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    ABSTRACT: Although Autism Spectrum Disorder (ASD) is generally a lifelong disability, a minority of individuals with ASD overcome their symptoms to such a degree that they are generally indistinguishable from their typically-developing peers. That is, they have achieved an optimal outcome (OO). The question addressed by the current study is whether this normalized behavior reflects normalized brain functioning, or alternatively, the action of compensatory systems. Either possibility is plausible, as most participants with OO received years of intensive therapy that could alter brain networks to align with typical function or work around ASD-related neural dysfunction. Individuals ages 8 to 21years with high-functioning ASD (n=23), OO (n=16), or typical development (TD; n=20) completed a functional MRI scan while performing a sentence comprehension task. Results indicated similar activations in frontal and temporal regions (left middle frontal, left supramarginal, and right superior temporal gyri) and posterior cingulate in OO and ASD groups, where both differed from the TD group. Furthermore, the OO group showed heightened “compensatory” activation in numerous left- and right-lateralized regions (left precentral/postcentral gyri, right precentral gyrus, left inferior parietal lobule, right supramarginal gyrus, left superior temporal/parahippocampal gyrus, left middle occipital gyrus) and cerebellum, relative to both ASD and TD groups. Behaviorally normalized language abilities in OO individuals appear to utilize atypical brain networks, with increased recruitment of language-specific as well as right homologue and other systems. Early intensive learning and experience may normalize behavioral language performance in OO, but some brain regions involved in language processing may continue to display characteristics that are more similar to ASD than typical development, while others show characteristics not like ASD or typical development.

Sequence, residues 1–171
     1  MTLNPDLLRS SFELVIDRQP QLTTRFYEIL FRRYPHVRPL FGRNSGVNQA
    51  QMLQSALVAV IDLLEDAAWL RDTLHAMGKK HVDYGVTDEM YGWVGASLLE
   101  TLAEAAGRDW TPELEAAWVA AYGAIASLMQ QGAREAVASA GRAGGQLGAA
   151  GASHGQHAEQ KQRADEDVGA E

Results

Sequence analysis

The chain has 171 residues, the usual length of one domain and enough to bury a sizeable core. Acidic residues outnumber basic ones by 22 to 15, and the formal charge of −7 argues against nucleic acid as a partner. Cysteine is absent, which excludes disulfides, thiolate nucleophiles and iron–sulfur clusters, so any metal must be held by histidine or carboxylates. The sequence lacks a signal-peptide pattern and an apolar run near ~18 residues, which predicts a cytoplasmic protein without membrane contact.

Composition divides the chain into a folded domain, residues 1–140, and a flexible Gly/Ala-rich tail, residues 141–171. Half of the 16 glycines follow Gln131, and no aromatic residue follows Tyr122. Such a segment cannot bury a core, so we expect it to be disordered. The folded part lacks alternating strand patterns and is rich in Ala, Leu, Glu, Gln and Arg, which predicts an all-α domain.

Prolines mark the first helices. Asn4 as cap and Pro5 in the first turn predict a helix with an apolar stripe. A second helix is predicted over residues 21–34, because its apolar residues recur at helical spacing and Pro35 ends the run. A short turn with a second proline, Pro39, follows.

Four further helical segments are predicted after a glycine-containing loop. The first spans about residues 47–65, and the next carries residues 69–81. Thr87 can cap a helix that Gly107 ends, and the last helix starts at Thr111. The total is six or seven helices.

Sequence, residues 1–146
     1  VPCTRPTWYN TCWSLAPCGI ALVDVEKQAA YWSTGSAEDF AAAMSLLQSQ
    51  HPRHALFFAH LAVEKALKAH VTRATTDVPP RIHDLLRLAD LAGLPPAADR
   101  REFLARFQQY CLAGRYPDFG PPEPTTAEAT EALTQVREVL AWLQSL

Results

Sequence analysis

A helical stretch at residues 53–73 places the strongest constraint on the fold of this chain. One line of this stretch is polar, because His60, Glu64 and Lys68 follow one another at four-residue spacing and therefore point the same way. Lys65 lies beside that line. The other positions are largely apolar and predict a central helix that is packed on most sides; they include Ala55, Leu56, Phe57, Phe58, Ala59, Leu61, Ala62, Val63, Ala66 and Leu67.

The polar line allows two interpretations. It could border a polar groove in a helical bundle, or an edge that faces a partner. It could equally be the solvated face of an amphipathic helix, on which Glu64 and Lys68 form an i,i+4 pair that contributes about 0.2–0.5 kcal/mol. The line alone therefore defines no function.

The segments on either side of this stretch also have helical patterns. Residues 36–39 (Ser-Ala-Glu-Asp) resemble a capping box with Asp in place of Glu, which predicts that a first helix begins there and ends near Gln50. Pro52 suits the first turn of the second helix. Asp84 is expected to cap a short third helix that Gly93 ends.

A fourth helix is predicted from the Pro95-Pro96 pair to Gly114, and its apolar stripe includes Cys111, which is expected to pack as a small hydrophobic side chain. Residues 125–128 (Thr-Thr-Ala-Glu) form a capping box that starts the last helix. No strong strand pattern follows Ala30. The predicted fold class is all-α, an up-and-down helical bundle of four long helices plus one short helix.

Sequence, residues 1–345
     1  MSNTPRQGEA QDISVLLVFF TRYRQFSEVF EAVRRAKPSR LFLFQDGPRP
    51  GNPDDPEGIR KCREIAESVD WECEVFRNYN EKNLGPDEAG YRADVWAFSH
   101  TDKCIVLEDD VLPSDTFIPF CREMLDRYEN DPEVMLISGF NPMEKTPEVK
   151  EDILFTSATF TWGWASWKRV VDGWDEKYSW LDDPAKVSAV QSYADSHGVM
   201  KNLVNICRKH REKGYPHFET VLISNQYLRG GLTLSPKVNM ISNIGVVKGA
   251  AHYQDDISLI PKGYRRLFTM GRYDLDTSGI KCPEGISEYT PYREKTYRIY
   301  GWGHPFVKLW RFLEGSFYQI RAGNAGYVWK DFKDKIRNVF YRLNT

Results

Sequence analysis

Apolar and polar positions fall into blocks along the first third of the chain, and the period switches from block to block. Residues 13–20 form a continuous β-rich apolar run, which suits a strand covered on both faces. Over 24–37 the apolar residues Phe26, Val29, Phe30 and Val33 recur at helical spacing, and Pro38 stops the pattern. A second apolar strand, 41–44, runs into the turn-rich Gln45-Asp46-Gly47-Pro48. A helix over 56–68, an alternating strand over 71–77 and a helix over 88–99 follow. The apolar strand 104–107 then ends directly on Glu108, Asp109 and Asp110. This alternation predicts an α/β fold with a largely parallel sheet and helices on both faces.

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    • "In contrast, DCM assesses the effective connectivity among the brain regions and yields biophysically interpretable models that can be linked to the individual symptoms of each patient [Stephan and Mathys, 2014]. Researchers have therefore revealed alterations of the effective connectivity in patients diagnosed with autism[Grèzes et al., 2009;Radulescu et al., 2013], raising hope that computational approaches will be of benefit to psychiatry in the future. In this regard, our results demonstrate that the paradigm presented here may offer an innovative and reliable approach in computational psychiatry (in particular when refining the present approach to adopt more realistic, dynamic tasks, and a more extended network), enabling the investigation of intra-and interhemispheric integration in the face perception network and thus providing deeper insight into the pathophysiology of autism and other psychiatric disorders. "
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    ABSTRACT: Computational approaches have great potential for moving neuroscience toward mechanistic models of the functional integration among brain regions. Dynamic causal modeling (DCM) offers a promising framework for inferring the effective connectivity among brain regions and thus unraveling the neural mechanisms of both normal cognitive function and psychiatric disorders. While the benefit of such approaches depends heavily on their reliability, systematic analyses of the within-subject stability are rare. Here, we present a thorough investigation of the test-retest reliability of an fMRI paradigm for DCM analysis dedicated to unraveling intra- and interhemispheric integration among the core regions of the face perception network. First, we examined the reliability of face-specific BOLD activity in 25 healthy volunteers, who performed a face perception paradigm in two separate sessions. We found good to excellent reliability of BOLD activity within the DCM-relevant regions. Second, we assessed the stability of effective connectivity among these regions by analyzing the reliability of Bayesian model selection and model parameter estimation in DCM. Reliability was excellent for the negative free energy and good for model parameter estimation, when restricting the analysis to parameters with substantial effect sizes. Third, even when the experiment was shortened, reliability of BOLD activity and DCM results dropped only slightly as a function of the length of the experiment. This suggests that the face perception paradigm presented here provides reliable estimates for both conventional activation and effective connectivity measures. We conclude this paper with an outlook on potential clinical applications of the paradigm for studying psychiatric disorders. Hum Brain Mapp, 2015. © 2015 Wiley Periodicals, Inc.